Often overlooked is the north side of Lake Qaroun with its beautiful mountain formations. It’s a shame because the whole area is filled with the evidence of substantial ancient occupation. It is one of the few places in the world where a nearly pristine archaeological landscape can be studied. Not only is it archaeologically important, but it is rich in fossils of extinct animals and contains a petrified forest.
At times when the lake was much larger and the forests were growing around it, the marshy shore lines of the lake were teeming with crocodiles. The crocodile God Sobek was considered the protector of Al Fayoum. In fact the town Arsinoe was known to the Greeks as Crocodiliopolis.
Qatrani Camp and surrounding mushroom rock formations
Wind and sand erosion over thousands of years fashioned beautiful mushroom rock formations that mark the Fayoum desert today. These natural sculptures that greet visitors wherever they go in the desert show that the work of nature is always more perfect than that of man. you can start yourt exploration trip of the northern side of the lake by having a glass of tea at Qatrani Camp, while overlooking the beautiful lake from above the mountain.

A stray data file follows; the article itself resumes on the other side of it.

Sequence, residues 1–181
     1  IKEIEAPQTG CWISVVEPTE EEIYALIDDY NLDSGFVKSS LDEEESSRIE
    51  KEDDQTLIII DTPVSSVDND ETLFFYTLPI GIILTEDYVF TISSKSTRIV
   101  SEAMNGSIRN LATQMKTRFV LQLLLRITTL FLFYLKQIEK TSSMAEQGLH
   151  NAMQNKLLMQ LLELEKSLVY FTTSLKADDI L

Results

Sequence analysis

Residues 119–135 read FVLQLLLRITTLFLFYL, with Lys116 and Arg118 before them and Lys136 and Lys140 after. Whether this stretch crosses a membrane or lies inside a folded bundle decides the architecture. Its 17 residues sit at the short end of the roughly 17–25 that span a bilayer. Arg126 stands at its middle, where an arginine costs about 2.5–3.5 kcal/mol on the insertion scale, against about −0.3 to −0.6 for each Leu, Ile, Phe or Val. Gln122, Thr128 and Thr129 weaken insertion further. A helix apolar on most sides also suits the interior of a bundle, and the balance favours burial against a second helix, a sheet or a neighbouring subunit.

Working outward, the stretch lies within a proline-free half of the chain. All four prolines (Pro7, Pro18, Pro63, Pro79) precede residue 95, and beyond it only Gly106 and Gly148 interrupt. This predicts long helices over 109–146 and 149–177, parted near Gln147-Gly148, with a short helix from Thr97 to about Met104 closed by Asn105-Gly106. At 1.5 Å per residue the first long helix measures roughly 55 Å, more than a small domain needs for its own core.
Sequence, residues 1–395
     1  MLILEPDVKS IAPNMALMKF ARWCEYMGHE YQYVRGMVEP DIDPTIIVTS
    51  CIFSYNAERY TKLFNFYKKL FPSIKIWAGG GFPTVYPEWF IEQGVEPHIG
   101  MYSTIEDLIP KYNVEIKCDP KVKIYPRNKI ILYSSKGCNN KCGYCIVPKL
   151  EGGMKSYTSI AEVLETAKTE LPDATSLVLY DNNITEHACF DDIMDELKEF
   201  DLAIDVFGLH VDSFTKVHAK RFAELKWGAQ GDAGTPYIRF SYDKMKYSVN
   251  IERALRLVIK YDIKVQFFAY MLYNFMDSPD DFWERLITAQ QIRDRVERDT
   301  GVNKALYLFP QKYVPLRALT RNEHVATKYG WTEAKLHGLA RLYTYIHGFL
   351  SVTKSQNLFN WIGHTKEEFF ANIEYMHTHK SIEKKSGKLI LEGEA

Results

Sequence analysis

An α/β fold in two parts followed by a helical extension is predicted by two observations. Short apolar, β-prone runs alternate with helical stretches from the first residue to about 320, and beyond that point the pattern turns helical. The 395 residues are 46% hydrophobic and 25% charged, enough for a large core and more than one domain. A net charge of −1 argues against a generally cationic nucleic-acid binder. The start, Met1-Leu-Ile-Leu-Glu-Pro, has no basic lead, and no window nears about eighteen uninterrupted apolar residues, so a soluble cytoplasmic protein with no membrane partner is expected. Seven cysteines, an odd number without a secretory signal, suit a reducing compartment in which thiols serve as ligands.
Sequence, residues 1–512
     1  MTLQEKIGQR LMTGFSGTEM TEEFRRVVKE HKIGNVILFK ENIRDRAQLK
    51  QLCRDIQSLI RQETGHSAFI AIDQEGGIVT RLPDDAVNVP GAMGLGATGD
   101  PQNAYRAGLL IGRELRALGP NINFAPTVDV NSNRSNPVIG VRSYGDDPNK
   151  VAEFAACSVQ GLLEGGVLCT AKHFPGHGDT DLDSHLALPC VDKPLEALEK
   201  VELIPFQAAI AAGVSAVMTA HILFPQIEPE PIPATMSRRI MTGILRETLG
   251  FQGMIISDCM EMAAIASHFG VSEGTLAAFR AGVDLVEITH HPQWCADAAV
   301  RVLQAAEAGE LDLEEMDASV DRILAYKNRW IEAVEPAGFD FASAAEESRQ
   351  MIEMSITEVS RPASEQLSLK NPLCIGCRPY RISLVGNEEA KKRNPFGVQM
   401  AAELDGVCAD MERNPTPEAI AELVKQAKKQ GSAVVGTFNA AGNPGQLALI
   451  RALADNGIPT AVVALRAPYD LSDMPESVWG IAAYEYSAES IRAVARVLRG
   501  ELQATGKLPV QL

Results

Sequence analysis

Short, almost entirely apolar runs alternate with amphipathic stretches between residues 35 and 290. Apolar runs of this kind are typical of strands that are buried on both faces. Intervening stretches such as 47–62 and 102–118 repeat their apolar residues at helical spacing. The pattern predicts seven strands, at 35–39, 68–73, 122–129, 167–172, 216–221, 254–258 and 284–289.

Dimeh al-Siba was a Ptolemaic city believed to be founded by Ptolemy II in the third century BC on a site that shows evidence of habitation from the Neolithic period. In Ptolemaic times it was located at the edge of the bay of Lake Qaroun and the beginning of the caravan routes to the Western Desert. Today the site is 65 meters (208 ft) higher and 2.5 km (1.5 miles) beyond the water’s edge.
Qasr El Sagha
This unfinished Temple is awesome for many reasons. It is huge; but not collossal. It is thought to be attributed to Sobek, but no one really knows for sure. The design is also unusual, formed from massive limestone blocks.
Qasr Sagha probably dates back to the Basalt quarries from the Old to Middle Kingdom. This large black basalt quarry exists at the northern edge of Gebel Qatrani, near Widan el-Faras. It was once an Old Kingdom quarry, which was used temples. The basalt was loaded onto sleds and transported down the escarpment to the waiting boats at the quay at Qasr al-Sagha. The roadway that led to the quarry beginning at Qasr Sagha was constructed of basalt stone and petrified wood.
The Sagha Formation isa geological formation, which is part of the Wadi El Hitan World Heritage Site.
In 1879, German botanist Georg August Schweinfurth spent many years exploring Africa and eventually discovered the first archaeocete whale in Egypt. He visited Qasr el Sagha in 1884 and 1886, but ironically missed the today so famous “Valley of the Whales” with a few kilometers.
Still Schweinfurth discovered fossils of the early whale genus Saghacetus (“Sagha whale”, originally named “Zeuglodon osiris“) at Qasr al Sagha.
The petrified forest in Qatrani is the remnant of a forest that grew 35 Million years ago. A forest that held trees as high as 30 meters (98ft). Perfectly petrified, these trees show details down to the smallest detail.
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